Dubai: Artefacts and artworks depicting Syria’s history in the ‘And the Conversation Continues, Syria: A Living History From the Atassi Collection,’ art exhibition were on display in the Ismaili Centre Dubai.
The exhibition marks the fourth year of partnership between Art Dubai, The Aga Khan Museum, the Consulate General of Canada in Dubai and the Ismaili Centre Dubai.
Elias Zayat is being greeted by Aziz Merchant Vice President of the Ismaili Community in the UAE
Travelling from Canada, artist Elias Zayat displayed his work titled ‘Deluge — The gods abandon Palmyra,’ together with its 13 case studies at the exhibition. The mural, which is 375cm tall, is a depiction of the Mesopotamian tale of Gilgamesh, which the artist has located in Palmyra as a way to link Syria’s past, present and future. Palmyra is both an ancient city and a symbol of resistance in Syria’s current circumstances. The artist was present signing his recently launched monograph after the event.
“The importance of Syria’s contribution to world heritage has never been in doubt. Despite the destruction that has taken place in conflict zones, the spirit of the Syrian past can and will be restored, led by organisations such as Unesco and the Aga Khan Trust for Culture which have played prominent roles in the restoration of monuments in Syria prior to the war,” said Henry Kim, director and CEO of the Aga Khan Museum, Toronto.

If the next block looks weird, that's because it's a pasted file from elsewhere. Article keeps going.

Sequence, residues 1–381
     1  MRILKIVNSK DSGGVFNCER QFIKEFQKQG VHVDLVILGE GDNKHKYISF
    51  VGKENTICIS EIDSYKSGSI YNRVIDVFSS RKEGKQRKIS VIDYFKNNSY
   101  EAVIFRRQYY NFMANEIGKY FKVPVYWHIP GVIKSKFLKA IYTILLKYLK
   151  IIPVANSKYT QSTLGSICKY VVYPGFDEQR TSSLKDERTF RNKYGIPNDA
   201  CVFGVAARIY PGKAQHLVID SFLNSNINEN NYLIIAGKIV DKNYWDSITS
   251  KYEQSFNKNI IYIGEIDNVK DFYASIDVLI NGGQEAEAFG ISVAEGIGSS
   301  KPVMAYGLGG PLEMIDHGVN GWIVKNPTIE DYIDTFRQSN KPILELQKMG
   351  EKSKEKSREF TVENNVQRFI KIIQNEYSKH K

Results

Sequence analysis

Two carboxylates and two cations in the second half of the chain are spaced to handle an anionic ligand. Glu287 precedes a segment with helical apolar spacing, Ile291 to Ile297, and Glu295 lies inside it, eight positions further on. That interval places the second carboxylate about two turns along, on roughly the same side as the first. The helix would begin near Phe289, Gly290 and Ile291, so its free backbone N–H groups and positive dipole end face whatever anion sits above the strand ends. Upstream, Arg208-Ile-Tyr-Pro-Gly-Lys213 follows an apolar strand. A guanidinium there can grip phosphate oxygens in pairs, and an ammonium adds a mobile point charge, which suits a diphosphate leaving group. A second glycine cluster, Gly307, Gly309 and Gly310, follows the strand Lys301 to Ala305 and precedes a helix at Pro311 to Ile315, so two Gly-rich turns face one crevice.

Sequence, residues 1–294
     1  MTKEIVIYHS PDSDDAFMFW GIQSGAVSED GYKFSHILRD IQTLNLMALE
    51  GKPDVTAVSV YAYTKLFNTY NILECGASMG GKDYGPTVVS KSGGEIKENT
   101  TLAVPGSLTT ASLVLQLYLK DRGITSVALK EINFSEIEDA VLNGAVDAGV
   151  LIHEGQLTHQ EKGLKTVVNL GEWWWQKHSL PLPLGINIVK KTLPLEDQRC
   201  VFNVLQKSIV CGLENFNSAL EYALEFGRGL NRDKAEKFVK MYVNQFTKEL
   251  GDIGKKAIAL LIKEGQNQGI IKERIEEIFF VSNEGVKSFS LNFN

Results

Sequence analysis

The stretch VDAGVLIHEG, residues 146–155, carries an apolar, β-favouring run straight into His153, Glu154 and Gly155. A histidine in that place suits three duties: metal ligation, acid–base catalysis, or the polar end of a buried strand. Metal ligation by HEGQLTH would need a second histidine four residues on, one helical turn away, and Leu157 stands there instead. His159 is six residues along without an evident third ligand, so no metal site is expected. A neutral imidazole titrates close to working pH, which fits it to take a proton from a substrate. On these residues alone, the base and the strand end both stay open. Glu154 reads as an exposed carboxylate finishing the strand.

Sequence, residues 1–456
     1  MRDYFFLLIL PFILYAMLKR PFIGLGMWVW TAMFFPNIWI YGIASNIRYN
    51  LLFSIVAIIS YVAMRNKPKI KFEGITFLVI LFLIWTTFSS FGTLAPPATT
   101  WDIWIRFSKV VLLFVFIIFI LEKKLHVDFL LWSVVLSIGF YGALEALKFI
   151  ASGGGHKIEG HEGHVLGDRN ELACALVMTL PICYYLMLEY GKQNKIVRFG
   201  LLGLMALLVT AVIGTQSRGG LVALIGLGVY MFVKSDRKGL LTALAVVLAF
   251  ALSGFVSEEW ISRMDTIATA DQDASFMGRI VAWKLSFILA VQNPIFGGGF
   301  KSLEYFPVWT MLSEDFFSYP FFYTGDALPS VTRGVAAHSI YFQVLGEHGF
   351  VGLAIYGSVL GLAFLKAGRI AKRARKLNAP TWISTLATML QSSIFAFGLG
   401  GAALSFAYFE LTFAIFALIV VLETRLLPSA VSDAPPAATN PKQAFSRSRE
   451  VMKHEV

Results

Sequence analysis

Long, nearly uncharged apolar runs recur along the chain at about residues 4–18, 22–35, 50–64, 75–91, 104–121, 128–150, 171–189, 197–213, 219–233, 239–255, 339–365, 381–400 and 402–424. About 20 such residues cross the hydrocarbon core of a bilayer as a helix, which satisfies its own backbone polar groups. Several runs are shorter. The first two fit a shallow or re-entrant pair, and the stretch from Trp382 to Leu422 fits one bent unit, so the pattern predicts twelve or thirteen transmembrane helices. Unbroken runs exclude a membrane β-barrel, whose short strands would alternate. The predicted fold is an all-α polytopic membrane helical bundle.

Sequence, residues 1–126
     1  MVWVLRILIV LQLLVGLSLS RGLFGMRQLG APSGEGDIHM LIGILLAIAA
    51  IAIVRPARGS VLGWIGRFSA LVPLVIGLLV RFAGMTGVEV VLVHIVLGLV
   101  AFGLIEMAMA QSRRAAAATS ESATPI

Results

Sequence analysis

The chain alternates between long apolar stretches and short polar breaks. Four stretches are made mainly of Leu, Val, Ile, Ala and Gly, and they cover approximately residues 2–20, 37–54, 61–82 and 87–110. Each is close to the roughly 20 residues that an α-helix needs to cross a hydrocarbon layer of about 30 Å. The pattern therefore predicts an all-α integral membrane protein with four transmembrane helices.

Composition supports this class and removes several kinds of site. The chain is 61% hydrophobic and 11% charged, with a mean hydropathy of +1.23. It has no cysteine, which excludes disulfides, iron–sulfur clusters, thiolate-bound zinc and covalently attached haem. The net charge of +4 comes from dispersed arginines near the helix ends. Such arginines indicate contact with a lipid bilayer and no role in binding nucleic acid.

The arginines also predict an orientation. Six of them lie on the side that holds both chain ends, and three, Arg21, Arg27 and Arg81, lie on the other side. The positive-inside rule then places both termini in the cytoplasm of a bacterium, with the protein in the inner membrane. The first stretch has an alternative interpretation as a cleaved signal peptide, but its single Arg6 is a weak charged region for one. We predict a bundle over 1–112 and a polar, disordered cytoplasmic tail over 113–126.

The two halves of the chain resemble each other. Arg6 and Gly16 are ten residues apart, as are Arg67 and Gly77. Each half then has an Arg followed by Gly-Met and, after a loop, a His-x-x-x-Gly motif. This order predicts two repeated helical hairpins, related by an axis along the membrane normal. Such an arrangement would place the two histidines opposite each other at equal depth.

Atassi Foundation’s discussion with the Aga Khan Museum started in March 2016 during the preparation for ‘Syria: A Living History’ exhibition in Toronto, which was a collaboration between seven international museums and private collections that brought artefacts and artworks that tell a different story — one of cultural diversity, historical continuity, resourcefulness, and resilience.
“This wonderful exhibition is a true testament to the magic of Syrian civilisations, to its culture, to its history, to its nobility and, of course, to its national pride. For the Big Heart Foundation, this is more than an outstanding tribute to the people of Syria, it is an opportunity for visitors to see what we do and the part we play in alleviating some of their suffering and we thank you for that,” said Mariam Al Hammadi, director of the Big Heart Foundation
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